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Partnership helps poor
New warehouse will serve as conduit for supplies for Honduras


Bishop Lloyd Allen with sacks of grain in a leased storage area. A new warehouse will soon be the storage and distribution center for food, clothing, medicine, school supplies and other goods for more than 150 communities throughout Honduras.  

Grants at work

The committee of the United Thank Offering, a financial and spiritual partner in the church’s mission work, met in Honduras in late January. Members visited some of the diocese’s mission work, which over the years has received 27 grants totaling $1,172,825.

In San Pedro Sula, where the diocese is headquartered, the committee visited the Cathedral El Buen Pastor (Good Shepherd Cathedral) and the adjacent school. UTO grants totaling $125,000 have assisted the diocesan complex of offices, school and church.

Members also toured the diocesan seminary, which received $60,000 in 2000 for a dormitory for seminarians, and a church and school at Puerto Cortes on the north coast built with the assistance of a $49,000 grant. They traveled for four hours to Tegucigalpa, where a grant for $40,000 last year  helped to help relocate and expand the diocese’s El Hogar St. Mary’s Technical Institute.

“This vocational school offers education and employment training skills to teen-age boys so that they can go out as young men and earn a living,” said UTO Coordinator JoAnne Chapman.

The diocesan leadership impressed the committee, she said, noting the progress the diocese is making towards increasing its own stewardship and becoming self-sustaining. “It is also very dedicated to primary and secondary education and providing help to abandoned children.”

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A warehouse, the result of a partnership between the Diocese of Honduras and Food For the Poor, soon will be the conduit for some $35 million in goods and services for that struggling country.

Known as “Operation Sustaining Grace,” the project should be operating by early summer. Bishop Lloyd Allen of Honduras donated the land, on a major highway outside of the Pacific Coast port city of San Pedro Sula. Construction funds were raised in the church and through Food For the Poor. He needs $53,000 more to open the doors, Allen said.

Cooperation between the diocese and FFTP, which began in 1998 under Bishop Leo Frade, following the devastation caused by Hurricane Mitch has continued and expanded under Allen, who was consecrated in 2001.

The warehouse will be a storage and distribution center for food, clothing, medicine, school supplies and other goods donated through FFTP to more than 150 communities throughout Honduras.

Serving the most needy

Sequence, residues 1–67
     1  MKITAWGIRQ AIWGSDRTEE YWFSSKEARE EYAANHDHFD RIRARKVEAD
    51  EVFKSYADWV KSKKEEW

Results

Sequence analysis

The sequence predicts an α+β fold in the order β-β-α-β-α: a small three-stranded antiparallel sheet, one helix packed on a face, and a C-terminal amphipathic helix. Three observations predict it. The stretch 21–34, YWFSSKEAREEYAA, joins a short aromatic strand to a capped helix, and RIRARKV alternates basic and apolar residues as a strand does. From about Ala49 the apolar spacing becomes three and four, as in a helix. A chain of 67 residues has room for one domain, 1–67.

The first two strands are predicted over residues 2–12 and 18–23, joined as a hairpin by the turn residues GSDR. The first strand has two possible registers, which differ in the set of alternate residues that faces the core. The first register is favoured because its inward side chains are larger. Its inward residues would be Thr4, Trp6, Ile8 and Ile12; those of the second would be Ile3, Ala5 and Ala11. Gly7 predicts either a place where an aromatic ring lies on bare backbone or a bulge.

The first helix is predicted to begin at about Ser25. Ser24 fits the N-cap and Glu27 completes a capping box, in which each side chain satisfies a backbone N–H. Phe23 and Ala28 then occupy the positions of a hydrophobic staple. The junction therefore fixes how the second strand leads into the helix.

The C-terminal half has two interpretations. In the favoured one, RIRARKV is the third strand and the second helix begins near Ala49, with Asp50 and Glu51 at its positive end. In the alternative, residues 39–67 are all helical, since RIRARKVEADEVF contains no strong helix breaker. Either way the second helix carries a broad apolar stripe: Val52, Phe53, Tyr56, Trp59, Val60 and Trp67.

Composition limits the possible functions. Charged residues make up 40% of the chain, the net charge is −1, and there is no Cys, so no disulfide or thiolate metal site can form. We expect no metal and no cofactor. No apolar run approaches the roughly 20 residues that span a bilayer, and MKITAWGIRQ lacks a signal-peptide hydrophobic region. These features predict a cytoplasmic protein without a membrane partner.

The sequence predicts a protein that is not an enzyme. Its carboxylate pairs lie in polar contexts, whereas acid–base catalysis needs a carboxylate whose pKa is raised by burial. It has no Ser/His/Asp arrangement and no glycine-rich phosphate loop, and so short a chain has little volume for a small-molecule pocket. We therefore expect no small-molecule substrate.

The diocese has 35 medical clinics, and officials estimate that its food and milk programs will reach some 200,000 children and seniors each year. “Without regard to race or religion,” said Allen, “we will serve the needs of the poor and people on the verge of starvation. Honduras is one of the largest and fastest-growing Episcopal dioceses, numbering about 65,000 baptized members in 147 congregations, according to the bishop.

When his predecessor became the diocesan bishop in 1984, there were 14 congregations, including several English-speaking chaplaincies, he said. By the time Frade was elected bishop of the Diocese of Southeast Florida in 2000, the diocese boasted 83 congregations.

In the past five years, the growth has continued. “Actually,” Allen said, “we have 28 communities on a waiting list, who have asked us to come out and minister to them. We will answer their call when we can provide trained clergy.” Last October, Allen ordained 20 deacons. Another 28 postulants will be ready for ordination in 2006.

Episcopal agency partner

Partnering with Food For The Poor and other agencies, such as Episcopal Relief and Development, is only part of the bishop’s strategy. “We have a deep commitment to evangelism with strong Cursillo and Happening programs,” he said. “Our people need to know the Lord.”

The diocese has an aggressive congregational development strategy. In January, the bishop received a license from the Honduras Environmental Committee to build a village of 125 homes, with a church, community center, school and clinic. Nueva Esperanza will be located 15 miles from Tegucigalpa in an industrial valley. ERD provided funds for the village infrastructure.

The diocese is working with FFTP’s “Start-in-Life” program to train men and women in marketable skills -- such as sewing, baking, carpentry and auto repair -- so they can enter the workplace, earn a living and support their families. “Neither the diocese nor its members should live in a state of dependency,” said Allen. “Teaching our people to tithe is a must.”

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